Huge bilateral polycystic kidneys with suspicion of malignancy, recurrent bleeding in cysts, and acute abdomen
TAN Bhatty, MS Moazin, and R Haque
Division of Urology, Department of Surgical Specialities, King Fahad Medical City, Riyadh, Saudi Arabia
Correspondence to: TAN Bhatty. Email: firstname.lastname@example.org
We present a case of huge bilateral polycystic kidneys, with suspicion of malignancy and repeated admissions with acute abdomen, secondary to bleeding in cysts, and anaemia, requiring affected side nephrectomy.
Autosomal dominant polycystic kidney disease (ADPKD) mostly ends up with end stage renal disease (ESRD), requiring haemodialysis, with increased risk of malignancy and enlargement of kidneys with its associated complications, mostly dealt with conservatively, except malignancy, which requires nephrectomy.
Keywords: polycystic, kidney, nephrectomy, malignancy
Autosomal dominant polycystic kidney disease (ADPKD) is one of the most common hereditary kidney disorders, affecting 8 to 10% of patients with end stage renal disease (ESRD) in the United States and Europe . Most of the complications of ADPKD can be managed by conservative means and nephrectomy is rarely required, as was in our case.
We report on a 42-year-old Saudi female, known to have ADPKD with ESRD, for which she was on regular haemodialysis. She had very frequent emergency admissions with severe left half abdominal pain, gross haematuria, vomiting, and anaemia, requiring repeated blood transfusions. Physical examination revealed a distended abdomen completely filled by huge bilateral polycystic kidneys. Bowel sounds were normal. Ultrasound and non-contrast CT revealed bilateral huge polycystic kidneys, with a right kidney size of 362 × 135 mm and a left kidney size of 311 × 144 mm, with blood clots in a large left renal cyst measuring 173 × 117 mm in size. Also noted was a nodular lesion of 30.2 × 20.4 mm in the lower pole of the left kidney, with suspicion of malignancy.
An MRI with contrast could not differentiate between a recent haemorrhage and tumour (Figure 1). Hence, the patient underwent a left nephrectomy via left sub-costal transperitoneal approach. The intraperitoneal contents were normal. The left nephrectomy was done, and the excised specimen weighed 3.5 kg, in addition to 1,800 ml of black tarry fluid aspirated during the surgery (Figure 2).
Figure 1: MRI showing bilateral polycystic kidneys with bleeding in left renal cyst.
Figure 2: Left nephrectomy specimen weighing 3.5 kg along with 1,800 ml of aspirated fluid.
Post-nephrectomy, lavage was done with heparin 500 U in 1,000 ml of normal saline, before wound closure. The surgery and post-operative period were uneventful. The patient had total relief of her symptoms. The biopsy was reported as a polycystic kidney with haemorrhages and micro abscesses, but no evidence of malignancy.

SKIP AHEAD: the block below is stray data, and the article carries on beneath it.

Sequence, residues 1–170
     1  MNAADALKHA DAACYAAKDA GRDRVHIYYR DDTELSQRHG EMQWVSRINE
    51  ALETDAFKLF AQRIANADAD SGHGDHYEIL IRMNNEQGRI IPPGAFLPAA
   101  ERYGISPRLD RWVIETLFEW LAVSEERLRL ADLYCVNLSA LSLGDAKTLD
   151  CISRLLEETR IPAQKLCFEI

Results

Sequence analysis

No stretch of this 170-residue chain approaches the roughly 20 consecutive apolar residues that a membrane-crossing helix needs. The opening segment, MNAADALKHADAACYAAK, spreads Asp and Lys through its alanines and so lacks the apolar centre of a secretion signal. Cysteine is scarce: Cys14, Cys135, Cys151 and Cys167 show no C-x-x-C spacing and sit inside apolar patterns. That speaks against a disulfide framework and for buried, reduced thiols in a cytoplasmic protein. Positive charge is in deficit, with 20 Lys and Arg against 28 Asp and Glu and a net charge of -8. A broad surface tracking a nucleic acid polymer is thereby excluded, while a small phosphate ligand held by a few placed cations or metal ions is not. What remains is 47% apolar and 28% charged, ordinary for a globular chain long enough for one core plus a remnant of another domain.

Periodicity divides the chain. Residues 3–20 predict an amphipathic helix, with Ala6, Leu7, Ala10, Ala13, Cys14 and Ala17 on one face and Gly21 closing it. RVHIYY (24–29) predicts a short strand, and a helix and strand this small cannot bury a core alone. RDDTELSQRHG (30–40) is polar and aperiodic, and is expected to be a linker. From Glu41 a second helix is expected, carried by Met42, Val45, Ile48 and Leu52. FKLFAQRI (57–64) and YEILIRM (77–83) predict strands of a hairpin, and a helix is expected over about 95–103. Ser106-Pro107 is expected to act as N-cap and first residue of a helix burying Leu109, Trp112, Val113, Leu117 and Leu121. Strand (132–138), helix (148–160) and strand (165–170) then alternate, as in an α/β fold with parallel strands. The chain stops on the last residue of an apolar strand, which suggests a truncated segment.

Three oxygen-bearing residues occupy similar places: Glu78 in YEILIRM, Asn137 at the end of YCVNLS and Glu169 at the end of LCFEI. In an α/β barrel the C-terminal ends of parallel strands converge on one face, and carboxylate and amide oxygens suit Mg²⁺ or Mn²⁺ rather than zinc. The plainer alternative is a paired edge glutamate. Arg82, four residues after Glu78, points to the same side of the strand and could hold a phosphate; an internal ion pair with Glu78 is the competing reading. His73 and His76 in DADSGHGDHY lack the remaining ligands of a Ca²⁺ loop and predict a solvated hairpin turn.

This case is being reported because ADPKD with ESRD has increased risk of renal cell carcinoma (RCC). However, risk of RCC in ADPKD is controversial, as the tumour is difficult to detect because of renal distortion, with reported incidence of about 2–12% . In a study of 79 ADPKD patients with ESRD, who had 89 nephrectomies for suspicion of malignancy, pre-kidney transplant or benign complications (pain, haemorrhage, and recurrent infections). Of these 89 nephrectomies 11 had RCC, while 5 of these 11 RCC cases had nephrectomy on suspicion of malignancy. Four (80%) of these five cases had cancer which was clear cell carcinoma in 58.3% and tubulopapillary carcinoma in 41.7%. All were pT1 (1997 TNM Classification) with Fuhrman grades 1 and 2. The mean tumour size was 18.4 mm (range 1–30 mm). There was high-RCC prevalence rate of 8.3% in ADPKD which increased to 12% after 1 year of dialysis . In another study of 260 pre-transplant nephrectomies in ESRD, a high-RCC prevalence rate was revealed of 4.2% since ESRD associated with acquired cystic kidney disease is a well-known risk factor for RCC . Otherwise RCC prevalence has been reported as 0.9% in an autopsy study . Nephrectomy is, however, avoided for benign complications, as retained native kidneys have useful contributions in potassium excretion, prevention of acidosis, Vitamin D3, and erythropoietin production. Most ADPKD cases on haemodialysis develop renal enlargement with risk of bleeding in cysts, which can be managed by angioembolisation [6.]. Giant bilateral polycystic kidneys can also result in intestinal obstruction with acute abdomen, requiring nephrectomy .
There is an association between polycystic kidney cyst progression secondary to activation of mammalian target of rapamycin (mTOR) pathway, promoting renal tubular cell proliferation with tumour formation and angiogenesis. Based on this fact, there are ongoing clinical trials evaluating the role of mTOR inhibitor drugs on polycystic kidney cysts and solid kidney tumours regression .
A high level of RCC suspicion is desired in the follow up of ADPKD, requiring nephrectomy. However, other benign complications of ADPKD can be managed mostly by conservative means and rarely require nephrectomy.
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